Prompted by supercomputer obsolescence and rapidly advancing desktop technology, members of the NASA's Earth Observing System 1994 Independent Architectural Study discussed ways of meeting researchers' new technology needs. Menas Kafatos, director of the Center for Earth Observing and Space Research (CEOSR), teamed with NASA's Goddard Earth Sciences Data and Information Services Center (GES DISC) and the Center for Oceans, Land, Atmosphere studies (COLA) to create the Virtual Domain Application Data Center (VDADC), which allows users to test drive data on the web before committing to data download.
"We implemented the virtual data center just as the Internet was beginning to take off. Our idea was to serve researchers involved in seasonal to interannual climate studies, as well as other scientists, by providing tailored data sets designed for easy access to interdisciplinary Earth science. Users create browse images on-the-fly from the data and view them on-line immediately. They could also produce statistical summaries, such as a time series or standard deviations from particular data sets. So the VDADC is, in a way, human-assisted data mining," said Kafatos.
The VDADC mimics the thought sequence that occurs when designing a research question. The user first chooses relevant variables, such as atmospheric temperature and precipitation, over the geographic area of study. Then, using the VDADC tools, he or she can generate an image that shows the relations between the selected parameters. Not only does this offer a pictorial sense of how Earth system components interact, it helps the user determine whether it is worth time downloading a complete data set.
"Some scientists know exactly which data sets they need, but many of our users are Ph.D. students who employ the VDADC to become more familiar with existing data sets. By using our tools and playing with the data, they begin to understand and appreciate the richness of Earth system science. For example, one could begin by looking at sea surface temperatures then proceed to correlating them with vegetation growth patterns. Visualizing the relationships makes it possible to begin asking primitive science questions," explained Kafatos.
The goal of a VDADC session is to provide users with enough information with just a few clicks of a mouse to determine how a particular data set works. Currently the VDADC consists of a series of single entry pages and sufficient data to begin the exploration process. Although CEOSR has a limited data archive, the strength of the VDADC system is in providing data visualization combined with easy access to archives housing the complete data sets.
Designed as a prototype for a more refined data distribution system, operated in partnership by the three institutions, and serving all skill levels of those involved in seasonal to interannual climate studies, the VDADC premise is being improved for wide scale scientific use. CEOSR, along with GES DISC, COLA, and experts at several universities, has successfully proposed to become a member of NASA's Earth Science Information Partners (ESIP) .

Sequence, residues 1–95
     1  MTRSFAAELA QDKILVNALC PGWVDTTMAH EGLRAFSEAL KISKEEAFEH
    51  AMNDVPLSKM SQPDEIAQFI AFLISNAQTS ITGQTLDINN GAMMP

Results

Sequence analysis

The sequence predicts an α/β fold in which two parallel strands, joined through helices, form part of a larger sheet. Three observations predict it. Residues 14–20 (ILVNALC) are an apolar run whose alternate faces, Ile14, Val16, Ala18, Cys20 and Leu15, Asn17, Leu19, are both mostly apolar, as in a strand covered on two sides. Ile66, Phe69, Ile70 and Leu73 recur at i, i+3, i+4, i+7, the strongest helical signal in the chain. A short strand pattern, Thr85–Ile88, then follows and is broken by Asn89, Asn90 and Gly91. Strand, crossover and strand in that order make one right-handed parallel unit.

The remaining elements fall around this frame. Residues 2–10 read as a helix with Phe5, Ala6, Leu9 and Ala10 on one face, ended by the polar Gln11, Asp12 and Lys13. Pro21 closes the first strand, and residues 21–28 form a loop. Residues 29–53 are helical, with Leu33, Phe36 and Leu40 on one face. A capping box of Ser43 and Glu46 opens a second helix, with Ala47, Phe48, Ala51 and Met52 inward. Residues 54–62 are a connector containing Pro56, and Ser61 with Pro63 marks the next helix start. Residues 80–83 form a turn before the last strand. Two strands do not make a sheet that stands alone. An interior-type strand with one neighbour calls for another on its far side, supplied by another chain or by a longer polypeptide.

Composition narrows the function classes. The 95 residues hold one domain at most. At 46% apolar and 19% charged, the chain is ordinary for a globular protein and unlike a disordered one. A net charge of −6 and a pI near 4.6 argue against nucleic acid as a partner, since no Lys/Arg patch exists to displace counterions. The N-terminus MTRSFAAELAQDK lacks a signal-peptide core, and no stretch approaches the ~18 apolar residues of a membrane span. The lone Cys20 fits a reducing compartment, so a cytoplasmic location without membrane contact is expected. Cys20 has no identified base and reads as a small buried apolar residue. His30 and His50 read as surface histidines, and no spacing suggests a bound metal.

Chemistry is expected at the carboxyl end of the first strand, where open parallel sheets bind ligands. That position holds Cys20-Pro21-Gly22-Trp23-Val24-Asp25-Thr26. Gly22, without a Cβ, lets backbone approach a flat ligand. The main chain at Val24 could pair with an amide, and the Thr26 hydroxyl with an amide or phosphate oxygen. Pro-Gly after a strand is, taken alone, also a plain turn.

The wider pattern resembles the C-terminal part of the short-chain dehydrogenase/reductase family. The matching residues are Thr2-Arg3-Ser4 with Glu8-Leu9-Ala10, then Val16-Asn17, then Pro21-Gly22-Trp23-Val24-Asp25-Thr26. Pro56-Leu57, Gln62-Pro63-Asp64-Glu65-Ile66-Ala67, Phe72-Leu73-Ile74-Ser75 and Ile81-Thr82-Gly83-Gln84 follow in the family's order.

Based on the VDADC prototype, the Federation is constructing an Internet site that will allow users to log in, then identify and access many comprehensive Earth science data streams. Initial analyses may be generated on-the-fly combining the capacities of analytical and Internet tools, after which users will have the option of obtaining the larger data set, said Kafatos.
Compared with the VDADC prototype, the full-scale version has raised key data set access issues for the site's architects.
"With the original VDADC the method by which users obtain data is very straightforward. Everything is available on the user's computer screen. ESIP's full-scale system is, of course, more complex. Compared with the casual users that come to the VDADC now, a greater number of scientists will be 'tire-kicking' the system and trying to retrieve data sets."
Whatever the difficulties, Kafatos is confident of the outcome, given the partnerships at work. "With GES DISC and COLA, we have a powerful alliance because each institution holds a variety of data sets and are themselves information technologists," he said.
For more information
NASA Goddard Earth Sciences Data and Information Services Center (GES DISC)
|About the remote sensing data used|
|Sensor||Virtual Domain Application Data Center|
|Parameter||Virtual Domain Application Data Center (VDADC)|
|DAAC||NASA Goddard Earth Sciences Data and Information Services Center (GES DISC)|